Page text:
Yeshua’s Second Coming

The Fall Feasts – the Feasts of Trumpets, The Day of Atonement and the Feast of Tabernacles – are a rehearsal of Yeshua’s second coming.  The events of Yeshua’s first coming exactly lined up on the Spring Feast dates, and it’s understood that the Fall Feasts are symbolic of his second coming.

His glorious coming commemorated and celebrated by his followers each year on the Feast of Trumpets is a joyous time for his followers, but not good news for those who have not accepted Yeshua as their atonement.

Remember Yeshua’s words in Matthew 25:31-41 about the sheep and the goats:

“When the Son of Man comes in his glory, and all the angels with him, he will sit on his glorious throne.  All the nations will be gathered before him, and he will separate the people one from another as a shepherd separates the sheep from the goats.  He will put the sheep on his right and the goats on his left.  Then the King will say to those on his right, ‘Come, you who are blessed by my Father; take your inheritance, the kingdom prepared for you since the creation of the world’….  Then he will say to those on his left, ‘Depart from me, you who are cursed, into the eternal fire prepared for the devil and his angels.’”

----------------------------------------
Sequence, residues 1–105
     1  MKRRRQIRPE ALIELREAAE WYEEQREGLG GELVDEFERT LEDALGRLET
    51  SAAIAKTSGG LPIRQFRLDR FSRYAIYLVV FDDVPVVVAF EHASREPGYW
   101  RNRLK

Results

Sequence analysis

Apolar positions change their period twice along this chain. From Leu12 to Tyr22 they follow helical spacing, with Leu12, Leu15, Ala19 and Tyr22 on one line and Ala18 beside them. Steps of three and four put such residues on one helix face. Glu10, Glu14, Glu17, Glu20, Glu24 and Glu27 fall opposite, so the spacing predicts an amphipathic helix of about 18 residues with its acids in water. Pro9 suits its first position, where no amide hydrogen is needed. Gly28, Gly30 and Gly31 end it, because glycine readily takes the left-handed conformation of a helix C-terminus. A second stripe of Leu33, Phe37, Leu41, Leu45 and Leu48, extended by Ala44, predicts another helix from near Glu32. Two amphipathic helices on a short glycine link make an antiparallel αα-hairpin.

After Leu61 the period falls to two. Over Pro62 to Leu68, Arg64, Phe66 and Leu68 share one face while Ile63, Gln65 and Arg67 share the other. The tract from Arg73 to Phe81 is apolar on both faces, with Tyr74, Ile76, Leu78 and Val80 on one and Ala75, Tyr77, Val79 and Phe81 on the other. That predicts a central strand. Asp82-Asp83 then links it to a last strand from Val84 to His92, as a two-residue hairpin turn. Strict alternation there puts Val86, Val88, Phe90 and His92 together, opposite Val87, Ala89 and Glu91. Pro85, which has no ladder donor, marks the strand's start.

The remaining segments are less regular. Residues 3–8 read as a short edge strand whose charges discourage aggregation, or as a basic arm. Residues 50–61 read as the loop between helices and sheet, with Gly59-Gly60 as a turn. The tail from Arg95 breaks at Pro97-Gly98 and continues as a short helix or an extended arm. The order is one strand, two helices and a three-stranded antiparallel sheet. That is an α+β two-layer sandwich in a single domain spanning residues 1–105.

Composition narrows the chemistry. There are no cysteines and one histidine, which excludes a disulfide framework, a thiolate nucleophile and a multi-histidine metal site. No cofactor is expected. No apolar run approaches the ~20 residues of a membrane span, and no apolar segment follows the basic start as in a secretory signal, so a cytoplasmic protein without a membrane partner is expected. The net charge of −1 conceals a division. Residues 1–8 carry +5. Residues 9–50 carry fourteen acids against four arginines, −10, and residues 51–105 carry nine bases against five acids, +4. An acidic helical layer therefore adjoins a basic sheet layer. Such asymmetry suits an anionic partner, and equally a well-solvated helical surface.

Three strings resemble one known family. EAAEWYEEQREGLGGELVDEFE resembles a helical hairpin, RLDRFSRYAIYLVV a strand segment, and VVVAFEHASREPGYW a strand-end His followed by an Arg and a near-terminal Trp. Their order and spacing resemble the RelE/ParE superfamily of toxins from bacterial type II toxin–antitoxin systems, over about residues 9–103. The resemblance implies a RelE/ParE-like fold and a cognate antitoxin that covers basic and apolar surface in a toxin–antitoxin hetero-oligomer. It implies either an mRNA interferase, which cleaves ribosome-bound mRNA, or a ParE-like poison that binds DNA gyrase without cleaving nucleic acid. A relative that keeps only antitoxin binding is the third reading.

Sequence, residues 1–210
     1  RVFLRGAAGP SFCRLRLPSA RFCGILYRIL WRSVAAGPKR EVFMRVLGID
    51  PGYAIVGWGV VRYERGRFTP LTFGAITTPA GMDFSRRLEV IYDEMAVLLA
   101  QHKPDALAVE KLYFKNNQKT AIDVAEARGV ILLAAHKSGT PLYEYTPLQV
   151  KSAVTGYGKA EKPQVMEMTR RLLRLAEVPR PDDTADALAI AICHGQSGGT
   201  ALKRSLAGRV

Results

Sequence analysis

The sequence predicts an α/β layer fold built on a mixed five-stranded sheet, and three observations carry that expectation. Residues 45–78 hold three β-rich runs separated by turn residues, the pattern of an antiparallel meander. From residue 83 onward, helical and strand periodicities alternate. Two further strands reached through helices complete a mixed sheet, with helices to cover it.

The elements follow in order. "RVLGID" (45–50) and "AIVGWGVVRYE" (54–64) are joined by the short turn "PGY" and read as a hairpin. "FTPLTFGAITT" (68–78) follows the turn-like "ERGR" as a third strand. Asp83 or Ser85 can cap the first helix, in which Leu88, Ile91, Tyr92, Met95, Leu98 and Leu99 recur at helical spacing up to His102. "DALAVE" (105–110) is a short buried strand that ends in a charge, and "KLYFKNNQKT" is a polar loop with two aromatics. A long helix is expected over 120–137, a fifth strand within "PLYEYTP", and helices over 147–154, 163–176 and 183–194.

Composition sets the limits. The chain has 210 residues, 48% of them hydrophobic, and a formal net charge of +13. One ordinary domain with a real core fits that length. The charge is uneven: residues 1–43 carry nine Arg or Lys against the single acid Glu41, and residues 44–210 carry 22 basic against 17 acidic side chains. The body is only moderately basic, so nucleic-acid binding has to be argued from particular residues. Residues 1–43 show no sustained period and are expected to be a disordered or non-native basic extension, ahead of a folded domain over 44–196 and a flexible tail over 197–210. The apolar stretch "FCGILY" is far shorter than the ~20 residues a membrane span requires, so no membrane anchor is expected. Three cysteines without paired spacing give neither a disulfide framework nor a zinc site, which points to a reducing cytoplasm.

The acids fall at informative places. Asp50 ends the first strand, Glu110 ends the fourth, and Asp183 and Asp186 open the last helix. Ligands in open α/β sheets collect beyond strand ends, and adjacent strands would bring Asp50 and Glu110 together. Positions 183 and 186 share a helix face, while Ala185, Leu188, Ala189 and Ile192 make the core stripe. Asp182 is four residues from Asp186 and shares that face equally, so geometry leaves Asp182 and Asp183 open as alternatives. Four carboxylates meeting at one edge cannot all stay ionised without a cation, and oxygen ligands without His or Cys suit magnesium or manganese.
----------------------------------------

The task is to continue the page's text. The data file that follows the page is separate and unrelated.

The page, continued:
This is a sad day for those on his left — and a sad day for YHVH who wishes for none to perish, but for all to have eternal life with Him (2 Peter 3:9).

God’s Wrath in the Feasts

After this judgment comes God’s wrath, brought to mind on the Day of Atonement. We don’t like to look directly at YHVH’s wrath – and understandably so. As believers we see it through his mercy and through the understanding that we will be saved from his wrath.  Unbelievers don’t believe there is any wrath coming, or at least not for them. No one wants to look at it face on.

But YHVH has to. He’s the one who decides and executes judgment on those he has loved, those he’s been calling all their lives, those for whom he sent his Son to die, hoping they would choose to accept his gift and live with him eternally.